Wow, what a thoughtful post! I agree with much of what you said, except for your generalization of Americans. I think many – probably around 50% – are more open-minded than the ones with whom you’ve had experience. Much of it tends to vary by region, and there is also a huge difference between rural and urban areas. I think it’s unfair to judge an entire (very large) country based solely on your experience in a tiny town in Ohio. Not to mention the fact that a great deal of this country is extremely ethnically diverse… I hope you do get to experience it again – maybe in a different location – and hopefully you’ll see that not all Americans are how we’re portrayed.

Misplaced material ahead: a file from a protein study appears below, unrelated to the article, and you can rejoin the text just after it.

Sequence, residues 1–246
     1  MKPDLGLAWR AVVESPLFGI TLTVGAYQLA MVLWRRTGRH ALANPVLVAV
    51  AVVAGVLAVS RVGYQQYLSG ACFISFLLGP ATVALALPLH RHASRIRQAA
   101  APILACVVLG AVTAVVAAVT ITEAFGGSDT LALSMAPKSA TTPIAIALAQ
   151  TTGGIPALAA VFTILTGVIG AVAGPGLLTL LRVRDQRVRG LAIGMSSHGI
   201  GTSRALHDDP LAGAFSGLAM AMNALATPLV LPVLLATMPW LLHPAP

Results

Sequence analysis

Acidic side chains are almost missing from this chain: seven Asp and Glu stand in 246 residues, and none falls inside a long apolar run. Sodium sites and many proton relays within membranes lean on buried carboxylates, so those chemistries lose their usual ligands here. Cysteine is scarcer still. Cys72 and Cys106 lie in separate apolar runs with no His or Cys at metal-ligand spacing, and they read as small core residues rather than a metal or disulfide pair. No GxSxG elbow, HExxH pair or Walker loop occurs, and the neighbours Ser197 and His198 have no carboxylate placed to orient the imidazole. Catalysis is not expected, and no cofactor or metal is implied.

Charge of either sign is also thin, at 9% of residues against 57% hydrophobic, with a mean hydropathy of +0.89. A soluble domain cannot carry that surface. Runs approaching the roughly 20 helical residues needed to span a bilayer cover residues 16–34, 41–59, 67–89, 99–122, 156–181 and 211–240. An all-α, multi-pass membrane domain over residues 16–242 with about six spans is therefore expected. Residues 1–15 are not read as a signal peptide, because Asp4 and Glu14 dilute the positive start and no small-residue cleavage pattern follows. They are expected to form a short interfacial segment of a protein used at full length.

What a scary ordeal your friend had! I’m glad she’s getting it all sorted out, and I hope your own counseling and spiritual studies work well for you. I suppose we all have our challenges, and all we can do is get through them, live, and learn. I have a feeling you’re going to have your time in the sun. :)


WOW!!!!!! I can’t believe this moron calls herself a counselor? Bravo for never returning again.


I seriously couldn’t believe it. It was like I said the exact thing that would flip her crazy switch!